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What Gaze Do You See Yourself Through?


Have you noticed all the ads about weigh loss? To be honest, I hadn’t- until someone pointed it out to me. And then I got curious- how had I not been noticing? (I’m seeing the ads everywhere now! I even saw one for pet’s last night!)

I thought about it awhile, and… keep reading.

There are mirrors on the way to the bathtub/shower. From either door (the bathroom has two entrances), I pass by a mirror that holds in it a reflection of my body, lower thigh level and up.

Since I’ve lived in this house: I have slowed down to view myself in these mirrors, checking out my “fit-ness”; I have rushed past them, in avoidance; I have paused in front of them, checking out this area, and that area.

This past year I watched myself be more willing to slow down, and to stop to look- to really witness what I was seeing, what I might normally avoid, what I might normally have an aversion to. In particular, witnessing my softness: my rounded belly, my soft breasts, my full ass, my spacious thighs. I have been an athlete since my young years and have often taken pride in my body being angled, hard, flat in some places and muscular in others. This current body of mine is not that body.

Witnessing my softness has come with a variety of responses.

At first, I witnessed the habitual learned dance of trying to alter what I was seeing:  pull in / tighten my stomach, pull back my shoulders. As if I could manipulate my body back to a previous self, a previous state. I noticed my breath holding itself as I tried to change my body’s appearance to match what my mind (which has been informed by the dominant oppressive narrative of this culture) told me it should look like, and to what it has looked like in the past. To what I thought the gaze of others would want, have wanted.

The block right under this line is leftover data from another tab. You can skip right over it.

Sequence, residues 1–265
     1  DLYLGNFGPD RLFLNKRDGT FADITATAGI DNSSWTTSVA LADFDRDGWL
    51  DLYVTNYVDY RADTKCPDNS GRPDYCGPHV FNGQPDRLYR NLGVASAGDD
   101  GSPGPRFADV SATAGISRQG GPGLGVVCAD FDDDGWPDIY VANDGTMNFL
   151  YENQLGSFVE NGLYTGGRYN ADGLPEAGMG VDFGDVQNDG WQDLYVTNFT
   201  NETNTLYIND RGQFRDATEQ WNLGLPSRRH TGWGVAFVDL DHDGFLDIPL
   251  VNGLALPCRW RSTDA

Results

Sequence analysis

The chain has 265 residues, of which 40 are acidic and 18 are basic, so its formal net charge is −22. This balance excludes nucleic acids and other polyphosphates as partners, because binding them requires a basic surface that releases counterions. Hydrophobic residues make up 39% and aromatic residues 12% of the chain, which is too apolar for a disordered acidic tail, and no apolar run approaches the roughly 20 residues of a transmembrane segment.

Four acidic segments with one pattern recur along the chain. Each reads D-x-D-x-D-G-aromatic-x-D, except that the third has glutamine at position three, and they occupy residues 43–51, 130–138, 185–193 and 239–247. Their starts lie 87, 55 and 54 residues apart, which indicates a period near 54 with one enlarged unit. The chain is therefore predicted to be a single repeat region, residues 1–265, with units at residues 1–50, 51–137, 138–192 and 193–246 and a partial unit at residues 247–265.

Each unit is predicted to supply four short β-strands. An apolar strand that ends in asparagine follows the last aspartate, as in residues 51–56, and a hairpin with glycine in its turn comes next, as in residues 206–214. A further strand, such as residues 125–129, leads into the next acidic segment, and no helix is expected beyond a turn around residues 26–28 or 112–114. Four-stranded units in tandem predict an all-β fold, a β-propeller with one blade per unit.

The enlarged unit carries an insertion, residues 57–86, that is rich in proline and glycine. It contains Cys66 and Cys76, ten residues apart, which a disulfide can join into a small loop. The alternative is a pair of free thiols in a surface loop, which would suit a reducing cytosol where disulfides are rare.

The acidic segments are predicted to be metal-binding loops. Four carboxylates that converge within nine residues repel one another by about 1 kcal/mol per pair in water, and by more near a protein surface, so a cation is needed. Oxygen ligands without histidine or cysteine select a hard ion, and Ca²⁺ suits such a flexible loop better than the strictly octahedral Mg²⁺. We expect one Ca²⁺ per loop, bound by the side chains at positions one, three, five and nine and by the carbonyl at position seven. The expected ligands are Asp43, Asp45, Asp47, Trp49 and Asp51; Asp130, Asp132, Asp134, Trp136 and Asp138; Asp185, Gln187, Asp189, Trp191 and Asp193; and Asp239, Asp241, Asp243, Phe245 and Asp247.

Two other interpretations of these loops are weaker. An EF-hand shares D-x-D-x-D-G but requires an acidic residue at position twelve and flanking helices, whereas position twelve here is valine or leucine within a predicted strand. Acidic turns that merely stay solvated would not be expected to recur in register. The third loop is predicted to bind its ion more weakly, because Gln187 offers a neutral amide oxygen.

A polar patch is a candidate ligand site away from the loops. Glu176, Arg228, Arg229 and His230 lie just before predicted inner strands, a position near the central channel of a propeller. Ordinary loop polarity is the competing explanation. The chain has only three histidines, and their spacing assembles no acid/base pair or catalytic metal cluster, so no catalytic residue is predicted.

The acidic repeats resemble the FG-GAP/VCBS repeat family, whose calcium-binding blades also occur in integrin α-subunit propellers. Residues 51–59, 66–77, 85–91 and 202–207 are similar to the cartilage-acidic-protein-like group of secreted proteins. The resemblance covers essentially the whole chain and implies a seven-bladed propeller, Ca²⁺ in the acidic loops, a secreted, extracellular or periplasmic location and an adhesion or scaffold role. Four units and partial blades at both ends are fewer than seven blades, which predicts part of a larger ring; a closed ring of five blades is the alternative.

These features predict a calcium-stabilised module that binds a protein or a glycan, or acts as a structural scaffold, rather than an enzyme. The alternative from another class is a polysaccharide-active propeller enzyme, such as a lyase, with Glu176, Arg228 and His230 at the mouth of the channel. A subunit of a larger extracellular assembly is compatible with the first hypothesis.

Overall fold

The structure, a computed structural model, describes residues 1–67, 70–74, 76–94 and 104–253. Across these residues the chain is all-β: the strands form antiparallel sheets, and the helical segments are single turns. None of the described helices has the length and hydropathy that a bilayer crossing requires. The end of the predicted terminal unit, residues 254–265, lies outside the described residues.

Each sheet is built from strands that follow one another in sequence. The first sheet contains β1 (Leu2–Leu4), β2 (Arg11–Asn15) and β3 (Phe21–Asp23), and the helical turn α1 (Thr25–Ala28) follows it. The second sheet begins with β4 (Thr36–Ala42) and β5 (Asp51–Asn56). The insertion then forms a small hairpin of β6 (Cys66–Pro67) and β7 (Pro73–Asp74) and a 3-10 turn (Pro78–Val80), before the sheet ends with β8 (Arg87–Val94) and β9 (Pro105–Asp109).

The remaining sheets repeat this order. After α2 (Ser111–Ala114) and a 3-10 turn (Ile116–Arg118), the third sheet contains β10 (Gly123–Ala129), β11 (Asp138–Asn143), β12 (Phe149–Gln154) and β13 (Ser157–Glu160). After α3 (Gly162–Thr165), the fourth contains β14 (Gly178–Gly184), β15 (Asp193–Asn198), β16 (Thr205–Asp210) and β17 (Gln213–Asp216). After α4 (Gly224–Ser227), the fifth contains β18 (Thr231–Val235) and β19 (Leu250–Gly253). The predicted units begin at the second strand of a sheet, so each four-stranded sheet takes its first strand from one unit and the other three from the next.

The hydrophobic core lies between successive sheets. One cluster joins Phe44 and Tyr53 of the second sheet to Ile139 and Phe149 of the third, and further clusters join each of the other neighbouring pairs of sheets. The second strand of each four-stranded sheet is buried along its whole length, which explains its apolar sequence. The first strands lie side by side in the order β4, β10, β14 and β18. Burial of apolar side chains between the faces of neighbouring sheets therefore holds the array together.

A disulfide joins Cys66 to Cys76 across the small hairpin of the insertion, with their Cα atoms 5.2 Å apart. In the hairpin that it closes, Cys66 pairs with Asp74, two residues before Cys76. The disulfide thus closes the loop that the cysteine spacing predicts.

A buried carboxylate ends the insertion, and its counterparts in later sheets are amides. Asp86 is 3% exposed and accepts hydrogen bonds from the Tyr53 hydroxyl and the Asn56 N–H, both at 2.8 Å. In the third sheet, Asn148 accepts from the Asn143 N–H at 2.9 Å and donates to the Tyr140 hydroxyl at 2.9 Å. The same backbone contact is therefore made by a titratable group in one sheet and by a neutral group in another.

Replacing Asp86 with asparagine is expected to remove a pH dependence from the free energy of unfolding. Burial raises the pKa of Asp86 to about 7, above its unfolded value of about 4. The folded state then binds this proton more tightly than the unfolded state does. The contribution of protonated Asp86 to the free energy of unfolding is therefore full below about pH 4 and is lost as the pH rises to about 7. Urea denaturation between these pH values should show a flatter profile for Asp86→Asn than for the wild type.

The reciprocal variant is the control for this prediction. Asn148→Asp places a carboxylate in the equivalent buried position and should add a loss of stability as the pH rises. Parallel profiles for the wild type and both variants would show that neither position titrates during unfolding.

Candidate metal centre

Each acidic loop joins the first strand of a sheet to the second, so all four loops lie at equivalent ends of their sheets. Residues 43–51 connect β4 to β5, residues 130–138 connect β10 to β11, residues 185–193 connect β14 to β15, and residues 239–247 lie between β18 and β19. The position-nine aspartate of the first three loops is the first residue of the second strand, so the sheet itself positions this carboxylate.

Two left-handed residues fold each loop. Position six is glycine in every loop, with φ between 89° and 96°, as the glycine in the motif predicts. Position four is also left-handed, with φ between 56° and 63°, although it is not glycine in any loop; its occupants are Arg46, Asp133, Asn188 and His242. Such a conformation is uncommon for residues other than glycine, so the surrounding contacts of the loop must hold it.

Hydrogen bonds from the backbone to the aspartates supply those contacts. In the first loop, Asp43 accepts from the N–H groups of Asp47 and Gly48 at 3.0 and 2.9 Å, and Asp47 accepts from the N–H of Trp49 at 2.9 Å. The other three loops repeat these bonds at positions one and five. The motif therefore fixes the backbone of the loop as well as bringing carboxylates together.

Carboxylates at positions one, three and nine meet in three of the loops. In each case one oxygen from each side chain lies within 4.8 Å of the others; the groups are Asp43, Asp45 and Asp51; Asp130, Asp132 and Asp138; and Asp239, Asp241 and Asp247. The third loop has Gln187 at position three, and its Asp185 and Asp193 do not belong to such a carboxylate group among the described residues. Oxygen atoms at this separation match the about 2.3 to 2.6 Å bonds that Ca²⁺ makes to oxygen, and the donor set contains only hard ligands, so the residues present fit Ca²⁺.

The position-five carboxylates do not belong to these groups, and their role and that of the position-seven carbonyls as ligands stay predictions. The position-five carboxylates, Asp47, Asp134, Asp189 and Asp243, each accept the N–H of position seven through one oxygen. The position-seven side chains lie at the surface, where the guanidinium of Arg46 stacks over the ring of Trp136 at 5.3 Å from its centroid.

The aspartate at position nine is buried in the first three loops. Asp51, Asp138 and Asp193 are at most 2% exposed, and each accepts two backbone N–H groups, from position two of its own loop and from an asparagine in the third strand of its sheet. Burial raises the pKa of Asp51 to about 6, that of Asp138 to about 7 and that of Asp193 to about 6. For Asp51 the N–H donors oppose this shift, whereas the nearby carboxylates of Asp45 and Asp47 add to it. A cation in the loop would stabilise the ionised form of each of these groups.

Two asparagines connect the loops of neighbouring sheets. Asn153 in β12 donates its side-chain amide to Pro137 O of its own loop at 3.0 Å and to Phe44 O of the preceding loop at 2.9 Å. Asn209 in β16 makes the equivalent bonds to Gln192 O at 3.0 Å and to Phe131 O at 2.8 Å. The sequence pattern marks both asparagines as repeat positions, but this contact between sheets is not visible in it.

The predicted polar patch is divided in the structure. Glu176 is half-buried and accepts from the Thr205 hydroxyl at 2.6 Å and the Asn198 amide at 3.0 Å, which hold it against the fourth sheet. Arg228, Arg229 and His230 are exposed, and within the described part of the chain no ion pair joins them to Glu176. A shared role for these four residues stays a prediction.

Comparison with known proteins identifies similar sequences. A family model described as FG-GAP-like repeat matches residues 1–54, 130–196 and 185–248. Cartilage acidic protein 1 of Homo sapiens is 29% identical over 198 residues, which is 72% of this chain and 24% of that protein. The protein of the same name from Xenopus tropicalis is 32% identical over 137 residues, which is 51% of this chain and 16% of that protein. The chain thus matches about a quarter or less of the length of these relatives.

Slowly, slowly, my witnessing started to shift. I started to see through eyes that were not laden with the burdens of the oppressive dominant narrative that judges, critiques, and shames. I stopped seeing through an objectifying gaze, of what X person might see, and started to see my own body through my own gaze of curiosity, simpleness, acceptance, “what is-ness.” I started to see my own body through the gaze of Love.

This past year I learned to have satisfaction in my softening body. This year I actually experienced pleasure in letting my gaze linger on my soft belly.  I was surprised to hear myself think, “Ohhhh, look at the softness. Look! at how my belly is free to just be just as she is. Look!”

As I gazed, I saw a belly unencumbered by the dominant oppressive narrative- maybe for the first time in my life.

What I have discovered this year, during a time that is laden with capitalistic opportunism, is that loving my own softness, my own curves, my own flesh, my own body’s existence has acted as sort of nullifier of sorts to all the ads that are out right now about weight- has relinquished them powerless, even invisible.

Exploring the oppressive dominant narrative is powerful, and freeing. Way more freeing than weight loss.

Our Exploration is filling… check it out and contact me asap if interested.

To read more about the dominant narrative, do a search on the main blog page under “dominant narrative”.


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